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TitleLearning targets in science
LanguageEnglish
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Document Text Contents
Page 1

Learning targets
in science

Page 2

Learning targets in science

First published in 2010

Ref: 00061-2010BKT-EN

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5.4 Assessment Focus 4: Using investigative approaches
AF4 Thread To plan appropriate scientific

investigations effectively
To identify and manipulate
variables within the context of
an investigation

To support the gathering of
evidence through collection of
precise and reliable data

To be aware of the risks
associated with the
investigative process

APP Level 8
assessment
criteria

• Justify their choice of strategies for investigating different
kinds of scientific questions, using scientific knowledge and
understanding

• Choose and justify data
collection methods that
minimise error, and produce
precise and reliable data

• Adapt their approaches to
practical work to control risk
by consulting appropriate
resources and expert advice

Examples of
some contexts
to support lesson
planning

• When planning an investigation:
− justify the choice of method for measuring the rate of reaction between acid and calcium carbonate

− explain the choice of light gates when measuring velocity of a toy car

− use secondary data to back up the case for immunisation

• Review the approach after
considering a range of safety
information when planning a
practical investigation into:

− EMF values

− working with living
organisms

− flame testing

Level 8 Learning
targets

While learning
about … pupils
can

• Explain why a particular method has been chosen to answer any
scientific question

• Justify their chosen method
in terms of collecting reliable
and precise data

• Change an experimental
approach in order to
control risks that have been
identified from other sources

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Level 7 APP
assessment
criteria

• Formulate questions or ideas
that can be investigated by
synthesising information
from a range of sources

• Identify key variables in
complex contexts, explaining
why some cannot readily
be controlled, and plan
appropriate approaches
to investigations to take
account of this

• Explain how to take account
of sources of error in order to
collect reliable data

• Recognise the need for risk
assessments and consult, and
act on, appropriate sources
of information

Examples of
some contexts
to support lesson
planning

• After observing a
phenomenon, use a
variety of sources to inform
planning:

− how to improve the
Visking tubing model to
demonstrate digestion
and absorption of starch

− investigate how matter is
conserved in a reaction

− the most appropriate
method to determine
the effect of available
energy sources on the
distribution and types of
plants and animals

• Identify variables which
cannot be controlled when
investigating:

− rates of respiration in
seeds

− the strength of an
electromagnet

− rates of reaction
between acid and
calcium carbonate

• While planning:
− an investigation on

animal behaviour

− an investigation into
melting and boiling
points of different
substances

− an investigation into the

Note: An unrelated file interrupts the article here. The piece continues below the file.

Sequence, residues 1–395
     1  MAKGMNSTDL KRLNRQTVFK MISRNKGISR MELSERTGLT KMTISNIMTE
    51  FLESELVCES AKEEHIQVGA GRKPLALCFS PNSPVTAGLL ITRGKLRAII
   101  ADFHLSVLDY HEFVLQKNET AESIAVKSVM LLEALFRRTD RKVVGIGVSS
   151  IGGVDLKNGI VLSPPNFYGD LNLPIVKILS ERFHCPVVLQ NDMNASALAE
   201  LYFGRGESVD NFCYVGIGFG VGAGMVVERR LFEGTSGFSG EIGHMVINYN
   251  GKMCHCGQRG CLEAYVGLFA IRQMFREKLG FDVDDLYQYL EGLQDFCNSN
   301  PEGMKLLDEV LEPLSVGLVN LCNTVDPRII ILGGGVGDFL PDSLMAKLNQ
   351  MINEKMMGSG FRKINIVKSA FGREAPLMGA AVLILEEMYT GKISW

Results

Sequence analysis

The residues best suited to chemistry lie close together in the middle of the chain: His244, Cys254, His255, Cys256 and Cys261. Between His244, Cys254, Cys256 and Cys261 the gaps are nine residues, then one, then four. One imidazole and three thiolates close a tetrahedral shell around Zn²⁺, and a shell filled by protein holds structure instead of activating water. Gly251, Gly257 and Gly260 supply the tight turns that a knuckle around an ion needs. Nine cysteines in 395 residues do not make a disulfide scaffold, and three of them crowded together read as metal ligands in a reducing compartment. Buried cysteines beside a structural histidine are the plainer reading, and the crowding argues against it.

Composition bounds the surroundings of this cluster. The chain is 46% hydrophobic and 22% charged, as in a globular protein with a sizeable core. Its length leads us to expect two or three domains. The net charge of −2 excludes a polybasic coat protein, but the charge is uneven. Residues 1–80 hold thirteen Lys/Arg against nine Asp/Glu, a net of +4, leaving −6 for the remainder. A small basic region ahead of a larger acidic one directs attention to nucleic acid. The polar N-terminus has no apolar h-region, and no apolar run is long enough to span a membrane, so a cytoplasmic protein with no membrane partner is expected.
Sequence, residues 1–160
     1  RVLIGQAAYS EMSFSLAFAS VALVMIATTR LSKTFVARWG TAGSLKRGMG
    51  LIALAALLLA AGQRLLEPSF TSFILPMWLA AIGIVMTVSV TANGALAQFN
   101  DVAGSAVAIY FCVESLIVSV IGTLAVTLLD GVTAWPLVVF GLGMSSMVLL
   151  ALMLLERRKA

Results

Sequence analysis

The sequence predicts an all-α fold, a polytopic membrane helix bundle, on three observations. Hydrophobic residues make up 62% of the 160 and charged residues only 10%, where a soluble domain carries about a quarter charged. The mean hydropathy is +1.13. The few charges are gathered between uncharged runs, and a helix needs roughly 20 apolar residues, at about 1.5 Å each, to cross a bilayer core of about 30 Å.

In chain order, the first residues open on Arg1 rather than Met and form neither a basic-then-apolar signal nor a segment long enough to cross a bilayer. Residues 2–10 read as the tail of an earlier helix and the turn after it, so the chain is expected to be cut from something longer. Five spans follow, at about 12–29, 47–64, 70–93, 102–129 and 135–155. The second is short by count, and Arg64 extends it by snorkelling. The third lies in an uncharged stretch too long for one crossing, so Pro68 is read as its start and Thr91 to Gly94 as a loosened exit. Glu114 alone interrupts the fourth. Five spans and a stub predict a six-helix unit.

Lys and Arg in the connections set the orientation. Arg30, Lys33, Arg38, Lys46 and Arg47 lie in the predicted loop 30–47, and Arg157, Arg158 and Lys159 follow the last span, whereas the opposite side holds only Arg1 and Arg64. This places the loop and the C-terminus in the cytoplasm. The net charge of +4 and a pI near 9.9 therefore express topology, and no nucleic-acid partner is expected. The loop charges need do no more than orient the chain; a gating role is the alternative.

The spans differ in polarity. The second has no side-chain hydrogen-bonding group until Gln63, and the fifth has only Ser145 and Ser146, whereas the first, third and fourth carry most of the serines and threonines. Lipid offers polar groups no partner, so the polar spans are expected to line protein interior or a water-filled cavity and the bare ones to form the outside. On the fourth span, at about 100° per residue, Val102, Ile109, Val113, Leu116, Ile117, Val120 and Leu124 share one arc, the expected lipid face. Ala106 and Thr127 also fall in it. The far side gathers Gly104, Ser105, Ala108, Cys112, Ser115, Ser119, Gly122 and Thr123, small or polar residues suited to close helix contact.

energy in different foods

explain how to try to control
sources of error

• While using the resources
available to them (technician,
teacher, hazards posters, etc.)
ensure work is carried out
safely when:

− handling and storing
microbes

− extracting chlorophyll
and using flammable
liquids

− carrying out electrolysis

Level 7 Learning
targets

While learning
about … pupils
can

• Having considered
information from a variety
of sources, come up with
a question or idea to
investigate

• Plan for investigations, taking
into account those variables
that cannot be controlled,
and include ways of
minimising the effect of these

• Explain why the data that
can be collected may be
inconsistent

• Explain what they can do to
make the data more reliable

• Consult other sources of
information to check that
they are working as safely as
possible and inform their risk
assessment skills

Page 93

90 The National Strategies
Learning targets in science

00061-2010BKT-EN © Crown copyright 2010

References and further reading
There is a wealth of support for developing aspects of How Science Works in the Framework section of
the National Strategies web area; go to www.standards.dcsf.gov.uk/nationalstrategies and search for
‘Framework for secondary science’.

Support materials in Progressing to level 6 and beyond in science with added ‘How Science Works’ can also be
accessed by becoming a registered user and joining the course of the same name.

The language of measurement: Terminology used in school science investigations, ASE and Nuffield
Foundation, 2010.

Suggested further reading
Clarke, S. (2003) Enriching Feedback in the Primary Classroom
Hodder Murray: ISBN: 0340872586

Clarke, S. (2005) Formative Assessment in Action: Weaving the Elements Together
Hodder Arnold: ISBN: 0340907827

Clarke, S. (2005) Formative Assessment in the Secondary Classroom
Hodder Murray: ISBN: 0340887664

Acknowledgements
Field of sunflowers by Christophe Libert © SXC 2010

Sunflowers by Anders Rosenlund © SXC 2010

Sunflower seeds by Jason Anthony © SXC 2010

www.standards.dcsf.gov.uk/nationalstrategies

Page 94

Audience: Science teachers and subject leaders
Date of issue: 02-2010
Ref: 00061-2010BKT-EN

Copies of this publication may be available from:
www.teachernet.gov.uk/publications

You can download this publication and obtain further
information at: www.standards.dcsf.gov.uk

© Crown copyright 2010
Published by the Department for
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